Doc “Sorry/Not Sorry” asks if Louis CK was really canceled – The Hollywood Reporter

In 2017, filmmaker Caroline Suh, like many Louis CK fans, wasn’t sure what to make of the sexual misconduct allegations against the comedian, which were detailed in a New York Times Story. The report included accounts from female comics about how CK exposed himself to them, which he admitted to and led to FX, Netflix and CK’s management company 3Arts dropping him.

“I watched his show with great devotion,” says Suh. “And when the article came out, I was surprised and honestly thought, ‘Is it really that bad that he’s being banned?’ I didn’t really know how to think about it.”

Nearly six years later, after CK sold out Madison Square Garden and won two Grammys for his comedy albums, Suh and her co-director Cara Mones interrogate questions of sex and power raised by the downfall and comeback of the film in their new documentary were raised by comedians, I’m sorry/I’m not sorry.
The JustThe film he produced, which premieres at TIFF on September 10, features interviews with women who have spoken about CK, including writer and producer Jen Kirkman, comedians Abby Schachner and Megan Koester, and male colleagues of his ilk Parks and Recreation Co-creator Mike Schur and Comedy Cellar owner Noam Dworman. Suh and Mones also comb through archival footage of CK’s performances and of other people talking about him, including a notable moment at a question-and-answer session in May 2016 when a University of Chicago student asked Jon Stewart about comedy at the time The allegations against CK that were circulating in circles were not yet widely known. Witness Stewart’s dismissive reaction, which resurfaced online after the Just The story, which ran 17 months later, is like seeing a time capsule of pre-#MeToo customs. “The hope was to show people’s reaction in real time,” Mones says, “to follow how this story unfolded.”

Suh, who directed the 2023 series “Obamas” for Netflix Work: What we do all day and the 2020 film Blackpink: Light up the sky, started I’m sorry/I’m not sorry after meeting in 2020 with The New York Times, which has expanded its journalism to non-fiction films and television projects Timethe 2021 Oscar-nominated Amazon documentary and this year’s Emmy-nominated Hulu series The 1619 Project. “I was obsessed with the story, so I approached it as something that would interest me and they immediately agreed,” says Suh. She recruited Mones, who produced her Blackpink film, “because I’m a Gen Xer,” Suh says. “And I knew that maybe I had some sort of calcified thoughts about what normal behavior is.” Millennial Mones says she was “terrified” by the idea. “When she asked me to join in, I asked myself, ‘What’s in it for us to pay more attention to Louis?’ “, she remembers. “And as I began to really understand Caroline’s vision for the film, I realized how much had been missing from the conversation and how little I had known.”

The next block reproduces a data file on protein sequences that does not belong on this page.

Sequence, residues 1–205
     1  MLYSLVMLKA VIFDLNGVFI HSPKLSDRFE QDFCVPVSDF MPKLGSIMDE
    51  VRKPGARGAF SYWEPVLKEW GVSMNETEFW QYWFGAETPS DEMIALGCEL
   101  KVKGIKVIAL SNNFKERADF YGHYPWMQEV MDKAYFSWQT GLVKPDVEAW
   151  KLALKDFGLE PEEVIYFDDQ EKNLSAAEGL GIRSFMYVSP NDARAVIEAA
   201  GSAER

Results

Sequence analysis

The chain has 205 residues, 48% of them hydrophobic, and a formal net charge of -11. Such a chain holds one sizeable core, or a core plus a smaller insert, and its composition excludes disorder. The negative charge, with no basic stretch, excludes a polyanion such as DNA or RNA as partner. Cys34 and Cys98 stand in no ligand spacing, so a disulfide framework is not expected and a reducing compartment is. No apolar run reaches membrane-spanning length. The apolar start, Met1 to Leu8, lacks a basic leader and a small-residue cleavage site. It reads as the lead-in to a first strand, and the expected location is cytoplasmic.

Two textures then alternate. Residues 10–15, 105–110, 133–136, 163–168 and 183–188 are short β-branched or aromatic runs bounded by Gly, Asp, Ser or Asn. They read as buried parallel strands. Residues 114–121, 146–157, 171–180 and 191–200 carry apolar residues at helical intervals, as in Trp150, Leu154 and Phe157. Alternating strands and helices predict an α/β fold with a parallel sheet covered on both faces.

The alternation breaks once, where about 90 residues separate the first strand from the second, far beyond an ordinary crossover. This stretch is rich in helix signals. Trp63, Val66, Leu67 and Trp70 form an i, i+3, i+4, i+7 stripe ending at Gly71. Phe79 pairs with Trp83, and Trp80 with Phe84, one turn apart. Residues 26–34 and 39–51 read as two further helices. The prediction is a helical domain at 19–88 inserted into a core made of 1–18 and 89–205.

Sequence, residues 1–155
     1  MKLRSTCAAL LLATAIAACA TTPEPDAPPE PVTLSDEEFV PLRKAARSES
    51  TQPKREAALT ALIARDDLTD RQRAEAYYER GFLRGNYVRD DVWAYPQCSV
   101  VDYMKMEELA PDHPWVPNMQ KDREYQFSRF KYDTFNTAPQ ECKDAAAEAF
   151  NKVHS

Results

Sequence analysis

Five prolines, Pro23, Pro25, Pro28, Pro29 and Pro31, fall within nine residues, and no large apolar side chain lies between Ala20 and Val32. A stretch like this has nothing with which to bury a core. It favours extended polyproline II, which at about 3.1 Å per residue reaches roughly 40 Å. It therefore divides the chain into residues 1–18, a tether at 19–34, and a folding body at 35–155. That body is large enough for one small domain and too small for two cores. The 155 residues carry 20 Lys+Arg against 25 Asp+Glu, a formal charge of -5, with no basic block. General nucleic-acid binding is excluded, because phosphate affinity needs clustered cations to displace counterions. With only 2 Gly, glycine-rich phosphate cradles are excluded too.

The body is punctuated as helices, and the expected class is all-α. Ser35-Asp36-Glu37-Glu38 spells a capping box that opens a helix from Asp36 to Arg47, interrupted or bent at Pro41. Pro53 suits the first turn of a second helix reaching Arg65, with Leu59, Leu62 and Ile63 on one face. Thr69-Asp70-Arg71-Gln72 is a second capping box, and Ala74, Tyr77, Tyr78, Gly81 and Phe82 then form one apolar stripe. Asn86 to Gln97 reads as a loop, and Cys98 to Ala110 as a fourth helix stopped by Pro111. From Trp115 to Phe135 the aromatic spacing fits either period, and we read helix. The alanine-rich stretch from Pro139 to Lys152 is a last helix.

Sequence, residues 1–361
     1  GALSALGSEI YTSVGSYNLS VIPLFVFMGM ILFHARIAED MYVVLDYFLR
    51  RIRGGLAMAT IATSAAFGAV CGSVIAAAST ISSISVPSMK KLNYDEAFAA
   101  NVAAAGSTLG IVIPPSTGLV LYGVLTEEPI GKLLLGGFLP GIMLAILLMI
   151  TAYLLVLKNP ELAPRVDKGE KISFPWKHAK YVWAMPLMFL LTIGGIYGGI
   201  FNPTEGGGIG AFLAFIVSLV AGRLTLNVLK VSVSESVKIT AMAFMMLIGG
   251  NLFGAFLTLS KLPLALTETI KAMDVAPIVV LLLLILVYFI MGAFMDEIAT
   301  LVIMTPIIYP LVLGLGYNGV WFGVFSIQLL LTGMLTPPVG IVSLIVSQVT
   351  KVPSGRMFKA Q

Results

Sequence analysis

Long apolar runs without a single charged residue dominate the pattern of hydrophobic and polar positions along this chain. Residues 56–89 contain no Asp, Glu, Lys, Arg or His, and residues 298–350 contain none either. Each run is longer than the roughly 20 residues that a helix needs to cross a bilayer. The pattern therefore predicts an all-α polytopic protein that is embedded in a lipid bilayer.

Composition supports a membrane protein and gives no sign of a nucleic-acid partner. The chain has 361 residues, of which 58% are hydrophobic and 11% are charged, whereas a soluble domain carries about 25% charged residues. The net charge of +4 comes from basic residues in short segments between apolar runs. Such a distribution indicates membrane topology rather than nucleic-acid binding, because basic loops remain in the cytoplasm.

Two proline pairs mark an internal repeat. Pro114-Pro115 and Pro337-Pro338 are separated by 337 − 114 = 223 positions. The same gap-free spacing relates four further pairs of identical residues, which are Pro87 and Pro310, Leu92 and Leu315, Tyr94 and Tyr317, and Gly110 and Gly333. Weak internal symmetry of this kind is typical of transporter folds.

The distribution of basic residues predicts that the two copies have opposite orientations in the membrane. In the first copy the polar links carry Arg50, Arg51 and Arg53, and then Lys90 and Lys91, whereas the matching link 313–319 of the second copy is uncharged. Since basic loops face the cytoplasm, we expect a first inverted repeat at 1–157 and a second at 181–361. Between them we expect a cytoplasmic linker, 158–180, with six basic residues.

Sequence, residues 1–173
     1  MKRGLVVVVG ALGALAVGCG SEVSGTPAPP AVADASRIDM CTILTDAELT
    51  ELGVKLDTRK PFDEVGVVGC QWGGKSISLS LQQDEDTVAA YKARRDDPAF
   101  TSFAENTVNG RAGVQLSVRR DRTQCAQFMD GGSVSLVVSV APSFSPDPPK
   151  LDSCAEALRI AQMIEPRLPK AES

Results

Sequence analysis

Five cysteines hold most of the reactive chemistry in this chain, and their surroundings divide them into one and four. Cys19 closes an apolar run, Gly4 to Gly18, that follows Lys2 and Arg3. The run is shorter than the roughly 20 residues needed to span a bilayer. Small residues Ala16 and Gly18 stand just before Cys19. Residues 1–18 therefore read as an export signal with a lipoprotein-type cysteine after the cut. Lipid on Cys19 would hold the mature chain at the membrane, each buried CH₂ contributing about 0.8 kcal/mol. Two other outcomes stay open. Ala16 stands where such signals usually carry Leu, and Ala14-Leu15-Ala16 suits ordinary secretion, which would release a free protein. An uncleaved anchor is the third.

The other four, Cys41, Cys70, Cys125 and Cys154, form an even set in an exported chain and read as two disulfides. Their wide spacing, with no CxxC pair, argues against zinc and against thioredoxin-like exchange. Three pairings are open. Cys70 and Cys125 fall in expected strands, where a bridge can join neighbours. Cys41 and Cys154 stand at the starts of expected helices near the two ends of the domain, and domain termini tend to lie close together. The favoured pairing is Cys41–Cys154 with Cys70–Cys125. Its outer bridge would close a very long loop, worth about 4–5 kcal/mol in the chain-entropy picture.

The film details the backlash women who spoke publicly about CK faced, from online harassment to dwindling job opportunities. Schachner, who said that Just about CK masturbating on the phone when she invited him to one of her shows, talked about CK because, as she says in the film, she wanted to know about him herself. Kirkman, who was not featured in the original Times piece but alluded to CK’s treatment of women in her podcast without mentioning him by name, says in the film that she is participating because nothing has changed in the six years since Just Story was running.

One of the filmmakers’ biggest challenges was getting industry people involved in discussions about CK. “People just see it as a threat to their careers and don’t want to be in the line of fire,” Suh said. CK wasn’t involved in the documentary, but the filmmakers used clips of his work, including a stand-up routine in which he talks about his misbehavior as “my thing” and suggests it’s a harmless, if embarrassing, fetish, to expose yourself. “As we were making the film, we realized that he was reframing it from something that related to power dynamics to his sexual orientation,” says Suh. “That was a revelation for us. And as a fan, I had a lot of questions like, “Oh, what exactly does he say?”

At one point, I’m sorry/I’m not sorry was founded at Showtime under the cable network’s then Docs boss, Vinnie Malhotra. When Showtime restructured earlier this year, Malhotra left to become president of the Obamas’ Higher Ground Productions and Showtime, and the filmmakers parted ways. Now Suh and Mones are looking for a distribution partner at TIFF.

As for audiences, “It was always the hope that the film would appeal to both sides,” says Suh, meaning both CK fans and people angry with him.

The filmmakers say their biggest concern heading into the festival is the women who participated in “Sorry/Not Sorry,” none of whom will be at TIFF. “We’re really nervous on their behalf,” Suh says. “The biggest concern with the film right now is what impact it will have on them.”

As for her own opinion on CK since she first read this Just Story in 2017: “My thinking has definitely evolved,” Suh says, declining to say more. “We try to ask a lot of questions about it to get people thinking.”

This story first appeared in the September 6 issue of The Hollywood Reporter magazine. Click here to login.

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